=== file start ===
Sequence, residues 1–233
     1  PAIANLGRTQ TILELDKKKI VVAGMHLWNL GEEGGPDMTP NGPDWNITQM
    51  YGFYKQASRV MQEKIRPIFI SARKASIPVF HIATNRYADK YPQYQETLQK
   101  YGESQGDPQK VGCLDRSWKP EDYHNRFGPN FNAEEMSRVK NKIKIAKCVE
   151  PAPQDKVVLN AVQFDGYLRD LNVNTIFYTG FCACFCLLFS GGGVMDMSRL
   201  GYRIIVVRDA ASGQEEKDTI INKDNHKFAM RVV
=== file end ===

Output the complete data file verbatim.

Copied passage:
Sequence, residues 1–233
     1  PAIANLGRTQ TILELDKKKI VVAGMHLWNL GEEGGPDMTP NGPDWNITQM
    51  YGFYKQASRV MQEKIRPIFI SARKASIPVF HIATNRYADK YPQYQETLQK
   101  YGESQGDPQK VGCLDRSWKP EDYHNRFGPN FNAEEMSRVK NKIKIAKCVE
   151  PAPQDKVVLN AVQFDGYLRD LNVNTIFYTG FCACFCLLFS GGGVMDMSRL
   201  GYRIIVVRDA ASGQEEKDTI INKDNHKFAM RVV